This article examines the recent trial of ANC president Jacob Zuma, and how gender power was framed in respect to, and within, the politics of culture. The trial centred on allegations of rape by Zuma of an HIV positive woman many years his junior, who was also the daughter of a former anti-apartheid struggle comrade. All of these details were considered pertinent, not only to the legal debates about whether a crime had been committed, but also to the political debates raging around the nation's key challenges of high rates of sexual violence and the 'denialist' state response to devastating levels of HIV infection. Many Zuma supporters saw the accusation of rape as politically motivated and as evidence of an anti-Zuma conspiracy. In visibly smaller numbers, women's rights groups were present on the streets as well, trying to draw attention to the general problem of the nation's extraordinarily high rates of sexual violence and the general failure of the justice system to address cases of rape. The article argues that the fervour surrounding this trial, the burning political question of women's status was continually cast as a private matter: debates about relations between men and women came to be focused on issues of propriety, behaviour and etiquette rather than on questions about rights and power. In short, the privatisation of gender was effected through the politics of culture. As culture is politicised as a legal and secular 'right', gender is de-politicised to become a normatively 'private' and 'customary' domain. This is not merely a South African dilemma, but a dilemma which is con-concomitant to the social conditions of modernity itself.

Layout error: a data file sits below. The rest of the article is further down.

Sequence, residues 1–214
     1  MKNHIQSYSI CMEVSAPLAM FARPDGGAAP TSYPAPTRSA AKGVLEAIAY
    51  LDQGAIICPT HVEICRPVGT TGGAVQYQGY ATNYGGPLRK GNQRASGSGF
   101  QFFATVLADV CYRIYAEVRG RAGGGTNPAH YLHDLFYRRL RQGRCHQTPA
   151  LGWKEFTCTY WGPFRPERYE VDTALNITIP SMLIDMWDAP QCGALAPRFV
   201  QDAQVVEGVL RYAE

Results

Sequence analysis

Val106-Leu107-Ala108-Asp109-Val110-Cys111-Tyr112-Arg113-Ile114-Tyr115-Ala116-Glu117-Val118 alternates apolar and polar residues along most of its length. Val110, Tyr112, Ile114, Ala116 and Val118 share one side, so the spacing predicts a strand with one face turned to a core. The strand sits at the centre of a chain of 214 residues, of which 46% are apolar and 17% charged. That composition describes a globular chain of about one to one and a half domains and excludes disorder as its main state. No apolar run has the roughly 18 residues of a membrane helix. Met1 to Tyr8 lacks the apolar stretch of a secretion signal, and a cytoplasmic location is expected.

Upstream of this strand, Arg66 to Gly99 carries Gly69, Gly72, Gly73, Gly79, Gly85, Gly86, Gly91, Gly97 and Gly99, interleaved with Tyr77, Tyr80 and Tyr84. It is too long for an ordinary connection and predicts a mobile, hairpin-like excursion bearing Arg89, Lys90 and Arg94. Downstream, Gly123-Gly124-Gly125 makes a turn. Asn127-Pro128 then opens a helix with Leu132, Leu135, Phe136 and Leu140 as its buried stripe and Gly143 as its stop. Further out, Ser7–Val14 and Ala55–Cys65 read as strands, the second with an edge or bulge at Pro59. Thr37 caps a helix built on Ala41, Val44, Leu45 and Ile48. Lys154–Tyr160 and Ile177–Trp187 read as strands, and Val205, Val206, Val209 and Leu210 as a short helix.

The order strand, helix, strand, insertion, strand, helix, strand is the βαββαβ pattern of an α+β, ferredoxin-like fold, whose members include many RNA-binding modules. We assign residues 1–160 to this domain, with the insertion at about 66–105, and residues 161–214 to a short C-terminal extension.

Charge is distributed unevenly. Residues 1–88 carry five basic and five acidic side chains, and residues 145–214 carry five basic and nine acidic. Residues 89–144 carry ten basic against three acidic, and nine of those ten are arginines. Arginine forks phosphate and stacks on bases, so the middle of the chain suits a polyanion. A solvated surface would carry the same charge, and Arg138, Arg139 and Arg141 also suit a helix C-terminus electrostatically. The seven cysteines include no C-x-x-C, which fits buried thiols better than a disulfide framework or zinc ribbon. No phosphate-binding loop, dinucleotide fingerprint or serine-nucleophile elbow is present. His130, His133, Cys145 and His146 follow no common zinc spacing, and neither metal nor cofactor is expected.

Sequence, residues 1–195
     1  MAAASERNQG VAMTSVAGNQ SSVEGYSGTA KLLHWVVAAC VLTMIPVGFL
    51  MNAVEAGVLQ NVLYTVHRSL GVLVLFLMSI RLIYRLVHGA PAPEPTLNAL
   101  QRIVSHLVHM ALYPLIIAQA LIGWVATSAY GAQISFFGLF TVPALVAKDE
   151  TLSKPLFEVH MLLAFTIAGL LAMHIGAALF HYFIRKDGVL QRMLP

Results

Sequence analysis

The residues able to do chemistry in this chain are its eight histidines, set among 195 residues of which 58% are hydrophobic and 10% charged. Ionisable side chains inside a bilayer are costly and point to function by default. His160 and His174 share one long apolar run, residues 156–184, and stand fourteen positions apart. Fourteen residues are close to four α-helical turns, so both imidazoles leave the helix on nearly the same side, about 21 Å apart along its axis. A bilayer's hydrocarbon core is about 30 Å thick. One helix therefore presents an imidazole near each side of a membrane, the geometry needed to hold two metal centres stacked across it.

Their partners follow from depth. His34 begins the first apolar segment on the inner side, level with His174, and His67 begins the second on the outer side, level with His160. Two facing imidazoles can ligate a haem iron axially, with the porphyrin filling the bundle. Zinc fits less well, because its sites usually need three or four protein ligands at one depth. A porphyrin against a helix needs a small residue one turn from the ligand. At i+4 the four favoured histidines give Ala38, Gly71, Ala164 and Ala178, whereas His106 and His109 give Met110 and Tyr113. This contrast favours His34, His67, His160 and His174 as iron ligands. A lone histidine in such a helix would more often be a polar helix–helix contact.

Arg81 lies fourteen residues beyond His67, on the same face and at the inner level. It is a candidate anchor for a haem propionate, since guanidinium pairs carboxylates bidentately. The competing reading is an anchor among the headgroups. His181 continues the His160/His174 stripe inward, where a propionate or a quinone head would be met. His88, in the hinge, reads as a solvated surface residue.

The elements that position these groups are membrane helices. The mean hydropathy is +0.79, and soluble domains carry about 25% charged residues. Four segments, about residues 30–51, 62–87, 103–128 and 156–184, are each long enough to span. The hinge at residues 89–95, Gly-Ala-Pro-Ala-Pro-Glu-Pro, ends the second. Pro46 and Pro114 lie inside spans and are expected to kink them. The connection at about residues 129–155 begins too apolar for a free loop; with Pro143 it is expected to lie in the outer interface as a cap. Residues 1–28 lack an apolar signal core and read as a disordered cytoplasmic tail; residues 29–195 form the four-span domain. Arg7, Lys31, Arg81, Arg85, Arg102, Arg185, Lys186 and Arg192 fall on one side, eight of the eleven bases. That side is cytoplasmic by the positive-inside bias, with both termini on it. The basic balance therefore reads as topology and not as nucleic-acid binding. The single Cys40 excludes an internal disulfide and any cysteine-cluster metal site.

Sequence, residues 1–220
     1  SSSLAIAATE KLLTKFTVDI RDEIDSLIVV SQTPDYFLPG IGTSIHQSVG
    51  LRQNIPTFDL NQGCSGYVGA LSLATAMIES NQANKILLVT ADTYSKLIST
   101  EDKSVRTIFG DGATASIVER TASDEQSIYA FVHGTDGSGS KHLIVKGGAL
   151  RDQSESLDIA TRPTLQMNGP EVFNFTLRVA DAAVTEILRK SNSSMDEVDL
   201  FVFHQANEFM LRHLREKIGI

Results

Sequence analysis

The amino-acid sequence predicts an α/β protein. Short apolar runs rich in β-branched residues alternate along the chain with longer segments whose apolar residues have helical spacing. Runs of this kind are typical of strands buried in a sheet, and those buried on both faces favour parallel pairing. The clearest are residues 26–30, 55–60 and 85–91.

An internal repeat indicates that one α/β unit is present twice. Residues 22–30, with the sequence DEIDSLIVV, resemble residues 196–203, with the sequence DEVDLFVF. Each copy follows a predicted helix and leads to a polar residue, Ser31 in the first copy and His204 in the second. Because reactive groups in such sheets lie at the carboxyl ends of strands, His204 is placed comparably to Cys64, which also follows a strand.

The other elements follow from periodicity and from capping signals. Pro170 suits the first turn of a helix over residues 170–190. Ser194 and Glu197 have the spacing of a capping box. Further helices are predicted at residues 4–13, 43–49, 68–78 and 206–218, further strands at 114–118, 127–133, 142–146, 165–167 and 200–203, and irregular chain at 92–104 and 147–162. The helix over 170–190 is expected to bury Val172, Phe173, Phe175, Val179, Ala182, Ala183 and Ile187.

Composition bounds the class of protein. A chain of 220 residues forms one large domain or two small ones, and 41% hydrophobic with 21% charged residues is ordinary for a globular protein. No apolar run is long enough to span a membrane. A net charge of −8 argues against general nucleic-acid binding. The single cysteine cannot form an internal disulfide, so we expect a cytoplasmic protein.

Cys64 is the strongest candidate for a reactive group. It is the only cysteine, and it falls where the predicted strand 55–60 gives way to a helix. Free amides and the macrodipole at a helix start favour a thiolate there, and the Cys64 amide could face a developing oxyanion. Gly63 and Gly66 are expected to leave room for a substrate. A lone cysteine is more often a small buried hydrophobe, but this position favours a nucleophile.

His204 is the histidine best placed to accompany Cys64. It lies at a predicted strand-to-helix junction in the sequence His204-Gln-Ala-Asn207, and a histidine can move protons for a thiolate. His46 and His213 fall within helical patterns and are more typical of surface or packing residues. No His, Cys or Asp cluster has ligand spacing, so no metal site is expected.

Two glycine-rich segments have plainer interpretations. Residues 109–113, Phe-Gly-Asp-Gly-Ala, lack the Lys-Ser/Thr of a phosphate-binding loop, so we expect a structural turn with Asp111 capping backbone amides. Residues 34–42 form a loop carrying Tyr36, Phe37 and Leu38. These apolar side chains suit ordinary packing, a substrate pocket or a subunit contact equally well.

The Politics of Culture in the Rape Trial of Jacob Zuma
Thembisa Waetjen and Gerhard Maré
Hayek, Pluralism, Democracy
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sides of the conflict. Curiously, their desire to “[integrate] research on personal integrity violations and negative sanctions … with work on counterterrorism, counterinsurgency, as well as protest policing and domestic spying … to embrace all of [state
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feeling the pinch. It is a life that uses interpersonal creativity to help others meet their needs and desires. Put together, Dewey’s resistance against types of violence that are harmful to democracy and his call to revivify the democratic way of life
Democracy in ASEAN
; Diamond 2009 ; Dosch 2008 ; Horowitz 2013 ; Tomsa 2008 ). This is not to suggest that scholars do not identify difficulties in or obstacles to the process of democratization. They do, however, focus on a process—a movement toward a desired end-state of
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socioeconomic structures that dictate where and how they find sustenance, satisfy their desires, or obtain the resources necessary for participating in political life” ( Coole and Frost 2010: 19) . The notion, then, that the human is a master of its surrounding
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the extent to which the government has consideration for the desires, wishes, and interests of the subject population, while the control population merely comes into view when discussing the more formal question of who should be checking and executing
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democratic sensibility, of their own needs, wishes, and desires. We’re at that pivot point now, which is why I use the term “postrepresentative democracy” in my book The End of Representative Politics (2015a). We are still working through the paradox of
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Joshua Murchie and Jean-Paul Gagnon
, and ensure that it meets their desired end? One possibility is for the big philanthropic foundations to standardize the use of deliberative citizens’ panels to explore what, for instance, Foundation X wants to achieve, or what the plutocrat whose
From Consociationalism to Deliberation?
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